Full report will be available soon.

Project Summary:

This study analyzes the security of a common in-vehicle network standard, the Controller Area Network (CAN). Due to its inherent vulnerabilities to various forms of cyber-attacks, CAN implementations can easily be targeted by cybercriminals. Such vulnerabilities range from eavesdropping, where the attacker can read the raw data traversing the vehicle, to spoofing, where the attacker can place fabricated traffic on the network. We, initially, perform a simulation of CAN traffic generation followed by hardware implementation of the same on a test vehicle. Due to the obscure nature of CAN, we reverse-engineered the missing parameters through a series of passive sniffing attacks on the network. Finally, we demonstrate the feasibility of the attack by placing fabricated frames on the CAN.

Full report will be available soon.

Final Reports, Year 5 (2022)

Project Summary:

Fresno, California is essentially the kind of a city that is continuously spreading out instead of building up with time. In the past decades, any of the locals can easily observe that the city has been spreading out to the north (e.g., those in the north from the Copper Ave) and east (e.g., those in the southeast from the Fowler Ave). The above-mentioned edge cities can be even found along Highway 41 toward Madera County, such as the new built Tesoro Viejo neighborhood, although there are some renewed apartments with a higher density structure found in the downtown area. To help Fresno move toward sustainability requires the understanding of the effects of varied transportation investments and land-use restrictions, such as the provision of public transit and bike lanes, high density zoning, and growth boundary. However, this had not been done in the past to provide a research framework to comprehensively evaluate either such a transportation or land-use policy for the promotion of a compact city toward sustainability, and therefore is needed.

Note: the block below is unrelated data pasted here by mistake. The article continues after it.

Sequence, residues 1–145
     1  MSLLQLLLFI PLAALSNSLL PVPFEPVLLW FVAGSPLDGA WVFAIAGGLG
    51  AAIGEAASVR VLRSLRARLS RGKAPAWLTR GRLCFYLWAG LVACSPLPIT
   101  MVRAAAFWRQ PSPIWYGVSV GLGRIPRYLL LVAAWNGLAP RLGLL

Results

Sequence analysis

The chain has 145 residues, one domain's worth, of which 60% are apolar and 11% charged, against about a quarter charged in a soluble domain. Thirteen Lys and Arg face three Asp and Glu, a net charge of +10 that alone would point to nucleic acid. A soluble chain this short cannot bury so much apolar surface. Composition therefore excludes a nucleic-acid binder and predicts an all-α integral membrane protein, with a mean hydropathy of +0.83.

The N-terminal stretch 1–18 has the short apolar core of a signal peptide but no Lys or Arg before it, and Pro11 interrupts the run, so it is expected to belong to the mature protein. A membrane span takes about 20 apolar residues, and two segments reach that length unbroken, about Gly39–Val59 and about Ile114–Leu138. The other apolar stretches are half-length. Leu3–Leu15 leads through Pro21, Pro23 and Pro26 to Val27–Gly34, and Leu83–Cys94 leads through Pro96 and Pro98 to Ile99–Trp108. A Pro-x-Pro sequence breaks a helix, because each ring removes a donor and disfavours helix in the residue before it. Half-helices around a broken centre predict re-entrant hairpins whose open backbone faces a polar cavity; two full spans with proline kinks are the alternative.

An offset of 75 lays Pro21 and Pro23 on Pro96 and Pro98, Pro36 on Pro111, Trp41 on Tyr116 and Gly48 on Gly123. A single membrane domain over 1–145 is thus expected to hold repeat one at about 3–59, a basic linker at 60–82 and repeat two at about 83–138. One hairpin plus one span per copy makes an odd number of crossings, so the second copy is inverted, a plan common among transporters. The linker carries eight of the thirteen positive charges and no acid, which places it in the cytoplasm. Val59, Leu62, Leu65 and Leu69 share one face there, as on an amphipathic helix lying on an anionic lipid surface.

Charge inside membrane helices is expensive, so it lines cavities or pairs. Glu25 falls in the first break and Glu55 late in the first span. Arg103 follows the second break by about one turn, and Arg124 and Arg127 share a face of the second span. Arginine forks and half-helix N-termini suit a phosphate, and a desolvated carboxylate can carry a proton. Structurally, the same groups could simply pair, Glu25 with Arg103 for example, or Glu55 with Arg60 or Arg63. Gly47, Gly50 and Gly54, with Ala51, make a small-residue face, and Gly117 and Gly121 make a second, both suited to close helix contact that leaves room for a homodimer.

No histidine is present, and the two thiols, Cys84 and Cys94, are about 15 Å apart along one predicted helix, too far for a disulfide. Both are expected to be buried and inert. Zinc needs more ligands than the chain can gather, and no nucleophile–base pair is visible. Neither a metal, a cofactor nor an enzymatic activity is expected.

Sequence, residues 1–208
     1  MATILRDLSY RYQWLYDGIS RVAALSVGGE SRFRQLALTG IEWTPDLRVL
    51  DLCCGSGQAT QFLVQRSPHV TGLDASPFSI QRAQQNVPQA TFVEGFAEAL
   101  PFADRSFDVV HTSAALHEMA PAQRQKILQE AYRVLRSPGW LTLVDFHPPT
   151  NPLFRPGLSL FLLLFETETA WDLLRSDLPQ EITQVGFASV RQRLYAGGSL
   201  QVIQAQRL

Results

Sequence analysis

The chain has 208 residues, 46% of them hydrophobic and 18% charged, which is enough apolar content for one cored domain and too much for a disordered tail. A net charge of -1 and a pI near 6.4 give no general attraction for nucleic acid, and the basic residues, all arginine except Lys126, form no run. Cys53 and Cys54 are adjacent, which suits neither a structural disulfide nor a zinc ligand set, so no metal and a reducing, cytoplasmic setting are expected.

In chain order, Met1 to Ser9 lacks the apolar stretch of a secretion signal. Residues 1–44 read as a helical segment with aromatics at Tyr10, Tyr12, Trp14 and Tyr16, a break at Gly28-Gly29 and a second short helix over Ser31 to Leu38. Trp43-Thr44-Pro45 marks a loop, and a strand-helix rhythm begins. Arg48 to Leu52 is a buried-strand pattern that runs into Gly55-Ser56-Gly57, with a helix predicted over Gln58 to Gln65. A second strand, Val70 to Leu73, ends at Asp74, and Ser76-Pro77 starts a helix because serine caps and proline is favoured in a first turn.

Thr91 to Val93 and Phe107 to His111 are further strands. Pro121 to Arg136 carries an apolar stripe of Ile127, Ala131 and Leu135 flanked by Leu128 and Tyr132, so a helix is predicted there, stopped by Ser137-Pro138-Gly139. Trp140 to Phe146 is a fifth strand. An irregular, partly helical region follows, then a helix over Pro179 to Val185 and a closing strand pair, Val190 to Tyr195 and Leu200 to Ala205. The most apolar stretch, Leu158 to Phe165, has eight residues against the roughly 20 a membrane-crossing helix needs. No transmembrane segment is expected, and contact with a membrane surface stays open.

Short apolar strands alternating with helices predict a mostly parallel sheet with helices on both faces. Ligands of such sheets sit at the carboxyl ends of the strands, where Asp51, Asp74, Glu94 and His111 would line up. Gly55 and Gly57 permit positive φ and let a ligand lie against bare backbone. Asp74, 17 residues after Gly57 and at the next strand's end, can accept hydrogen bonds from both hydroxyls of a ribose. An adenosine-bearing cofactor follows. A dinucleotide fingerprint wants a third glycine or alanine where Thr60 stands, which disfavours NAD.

Objectives: 

To investigate how each of the transportation investments and land-use restrictions can guide the future development toward a compact urban form ti achieve sustainability. 
To better understand how much effort in transportation investments and land-use restrictions is required to make the proposed urban reform to take place in Fresno; 
To provide planning information for promoting California’s cap-and-trade program to reduce the impact of greenhouse gas emission and transportation on climate change. 

The report will be available in year 2023.

Project Summary:

The motivation for this research stems from the need for extending the service life, reducing the life cycle cost, and improving the safety and reliability of bridge abutments. This proposal endeavors to develop advanced solutions for application of rotary kiln manufactured lightweight aggregates in mechanically-stabilized earth (MSE) bridge abutments (Figure 1) to extend the service life of bridges and reduce the need for maintenance and rehabilitation of bridges, abutments, and approach and departure slabs on roadways. This solution identifies cost-effective MSE systems to delay or eliminate corrosion damages for long-term service life of roadways and bridges. The outcome of this proposal reduces the life-cycle cost, input energy, and greenhouse gas emissions associated with construction, maintenance, and rehabilitation of MSE bridge abutments and other backfills involving embedded steel products. The innovative approach of this proposal is the evolution of current testing methods to measure corrosion of reinforcing steel elelments as a function of electrochemical properties of backfill materials. This proposal extends and amends current national efforts led by the National Cooperative Highway Research Program (NCHRP), the American Association of State Highway and Transportation Officials (AASHTO) and several Departments of Transporation (DOT) highlighting past achievements in Fresno State and new possibilities for the State of California.